The Levelized Cost Of Electricity (LCOE) is a common indicator used to compare the average cost per kWh of different generation technologies, and therefore their competitiveness. Whilst it is a simple and straightforward indicator, it ignores three relevant factors for a comprehensive competitiveness assessment:

  1. External costs

The LCOE is represented by the grey bars in figure 1, showing that hydro, geothermal and coal are the three cheapest electricity sources (with data of existing installations for Europe in 2013). The LCOE, however, does not capture the external costs of each generation technology, which we can divide into externalities derived from CO2 emissions and Climate Change (CC), and non-CC-related externalities, such as human toxicity, particulate matter formation, etc., represented by the green and red bars in figure 1 respectively. Since the present cost of climate change is uncertain, two cases are considered: a social cost of carbon (SCC) of 50 and 150€2015/tCO2 (the latter considered as a lower bound by van den Bergh and Botzen (2016))[1].

When we include these externalities we see that coal is not one of the cheapest generation sources, but indeed the most expensive due to its high environmental cost, being natural gas the second most expensive. Therefore, whilst considering the conventional LCOE only hydro, geothermal and onshore wind are competitive with respect to hard coal and gas, all the renewables become competitive when the external costs of each generation technology are taken into account.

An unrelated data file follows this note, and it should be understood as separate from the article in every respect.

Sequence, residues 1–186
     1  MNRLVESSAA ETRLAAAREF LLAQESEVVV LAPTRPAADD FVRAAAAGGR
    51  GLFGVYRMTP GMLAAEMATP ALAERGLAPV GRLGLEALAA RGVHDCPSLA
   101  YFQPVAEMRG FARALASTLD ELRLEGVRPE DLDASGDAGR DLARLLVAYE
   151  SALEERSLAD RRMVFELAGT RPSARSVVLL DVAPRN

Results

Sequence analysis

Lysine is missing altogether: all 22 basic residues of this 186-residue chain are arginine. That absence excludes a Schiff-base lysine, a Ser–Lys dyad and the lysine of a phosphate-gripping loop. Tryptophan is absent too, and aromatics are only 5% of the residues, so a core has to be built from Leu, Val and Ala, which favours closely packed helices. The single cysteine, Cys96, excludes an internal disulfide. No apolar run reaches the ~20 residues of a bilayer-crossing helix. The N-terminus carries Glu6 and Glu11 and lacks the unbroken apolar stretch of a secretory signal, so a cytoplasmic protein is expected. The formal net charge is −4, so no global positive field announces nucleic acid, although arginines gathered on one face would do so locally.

Figure 1. Levelized Cost Of Electrcity (LCOE) including external costs for the European Union in 2013.

Fig1

Source: own calculations based on Ecofys, 2014.

  1. Integration costs

However, non-dispatchable renewable technologies —photovoltaics and wind— create additional costs for the electricity system, which are also ignored in the conventional LCOE analyses. The integration costs caused by non-dispatchable renewables sources derive from the uncertainty (balancing costs), locational specificity (grid costs) and variability (profile costs) of this type of generation technologies (Hirt et al., 2015). Likewise, we can divide profile costs into three different categories: backup requirements, full-load hour reduction (of conventional generators) and overproduction costs (when generation is higher than consumption, considering no batteries).

Figure 2 shows the LCOE of photovoltaics (PV), coal and gas considering both externalities and integration costs at different penetration levels. We can see that the cost of PV increases as penetration rises, particularly from 15% penetration due to overproduction costs. Taking all these factors into account PV is cheaper than gas up to 10% penetration and than coal up to 20%, at 2013 PV system costs and 150€2015/tCO2.

Figure 2. Levelized Cost Of Electricity (LCOE) including external costs (EU average) and photovoltaic integration costs (estimated for Germany).

Fig2Source: own calculations based on Ueckerdt et al., 2013 (profile costs), Hirth et al., 2015 (balancing costs),  MIT, 2015 (network costs), and Ecofys, 2014 (LCOE and external costs).

  1. Price and value